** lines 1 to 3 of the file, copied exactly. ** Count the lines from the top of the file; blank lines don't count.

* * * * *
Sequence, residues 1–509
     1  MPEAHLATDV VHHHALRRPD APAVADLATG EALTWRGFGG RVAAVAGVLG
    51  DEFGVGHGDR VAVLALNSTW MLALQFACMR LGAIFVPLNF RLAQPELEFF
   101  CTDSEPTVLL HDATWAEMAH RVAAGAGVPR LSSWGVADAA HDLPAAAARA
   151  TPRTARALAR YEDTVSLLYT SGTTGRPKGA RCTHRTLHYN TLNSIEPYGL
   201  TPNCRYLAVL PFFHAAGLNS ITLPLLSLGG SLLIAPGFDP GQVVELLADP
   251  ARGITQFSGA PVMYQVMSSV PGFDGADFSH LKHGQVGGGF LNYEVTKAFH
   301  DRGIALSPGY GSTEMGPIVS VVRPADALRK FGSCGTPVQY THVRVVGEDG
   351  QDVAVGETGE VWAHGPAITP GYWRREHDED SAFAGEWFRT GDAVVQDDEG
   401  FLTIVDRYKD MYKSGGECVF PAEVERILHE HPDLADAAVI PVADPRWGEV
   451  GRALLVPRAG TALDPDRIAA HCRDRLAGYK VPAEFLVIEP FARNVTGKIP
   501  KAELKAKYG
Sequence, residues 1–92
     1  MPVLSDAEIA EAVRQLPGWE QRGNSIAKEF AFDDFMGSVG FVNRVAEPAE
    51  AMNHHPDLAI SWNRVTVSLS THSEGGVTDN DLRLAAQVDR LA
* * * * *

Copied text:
Sequence, residues 1–509
     1  MPEAHLATDV VHHHALRRPD APAVADLATG EALTWRGFGG RVAAVAGVLG
    51  DEFGVGHGDR VAVLALNSTW MLALQFACMR LGAIFVPLNF RLAQPELEFF